expressed as (0+1j) in the complex numeral form (Re+jlm). Therefore, the complex multiplier 34 produces complex data (−1+j)=(0+j)×(1+j). Here, (0+j) is the complex data output from the complex function calculator 32 and (1+j) is the initial values of the delay registers 36 and 38.

In FIG. 3A, the complex data (−1+j) exists in the second quadrant of an orthogonal coordinates graph defined by real components (Re) and imaginary components (Im) of a complex signal. The real part −1 of the complex data (−1+j) is stored in the delay register 36 for one chip duration, and the imaginary part 1 is stored in the delay register 38 for one chip duration.

For the second PN chip −1 of the sequence PN1, the output of the multiplier 30 in the π/2 DPSK generator 6 is −π/2, and the complex data output from the complex function calculator 32 is - j π 2

expressed as (0−j) in the complex numeral form (Re+jlm). Therefore, the complex multiplier 34 produces complex data (1+j)=(0−j)×(−1+j). Here, (0−j) is the complex data output from the complex function calculator 32 and (−1+j) is the previous values of the delay registers 36 and 38.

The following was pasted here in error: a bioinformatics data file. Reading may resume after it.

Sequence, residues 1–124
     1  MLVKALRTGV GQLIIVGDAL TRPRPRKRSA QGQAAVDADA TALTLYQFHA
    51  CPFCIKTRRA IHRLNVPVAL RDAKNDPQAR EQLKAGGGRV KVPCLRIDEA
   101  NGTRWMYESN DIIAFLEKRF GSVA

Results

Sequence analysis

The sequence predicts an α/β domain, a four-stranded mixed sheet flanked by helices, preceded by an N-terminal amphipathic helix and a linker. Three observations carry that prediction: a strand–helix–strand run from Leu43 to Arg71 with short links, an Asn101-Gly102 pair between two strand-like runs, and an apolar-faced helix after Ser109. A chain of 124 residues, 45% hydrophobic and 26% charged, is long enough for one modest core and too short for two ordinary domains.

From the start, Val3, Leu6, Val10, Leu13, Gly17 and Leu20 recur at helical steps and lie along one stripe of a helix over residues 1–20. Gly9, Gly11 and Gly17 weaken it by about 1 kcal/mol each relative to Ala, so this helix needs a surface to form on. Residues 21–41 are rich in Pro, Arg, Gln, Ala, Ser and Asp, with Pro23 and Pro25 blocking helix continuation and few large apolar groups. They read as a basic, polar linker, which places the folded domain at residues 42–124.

In FIG. 3A, the complex data (1+j) exists in the first quadrant of the orthogonal coordinates graph. The real part 1 of the complex data (1+j) is stored in the delay register 36 for one chip duration, and the imaginary part 1 is stored in the delay register 38 for one chip duration. In this manner, the complex data output from the complex multiplier 34 is (−1+j) for the third PN chip 1 of the sequence PN1, and (1+j) for the fourth PN chip −1 of the sequence PN1.

With continued reference to FIG. 3A, the complex spreading sequence PNI+jPNQ exists in the second and first quadrants of the orthogonal coordinates graph defined by the real components (Re) and the imaginary components (Im) of a complex signal, with a phase difference of π/2 between every two successive complex chips.

The π/2 phase difference between every two successive complex chips is maintained in a complex spreading sequence obtained by respreading the sequence PN2. Referring to FIG. 1, a complex spreading sequence {(1−j), (1+j), (1−j), (1+j), . . . } is produced by multiplying the chips {(−1+j), (1+j), (−1+j), (1+j), . . . } of the complex spreading sequence PNI+jPNQ by the chips {−1, 1, −1, 1, . . . } of the sequence PN2. As shown in FIG. 3B, the complex spreading sequence input to the baseband filters 22-1 and 22-2 has the phase difference of π/2 between every two successive complex chips like the complex spreading sequence PNI+jPNQ.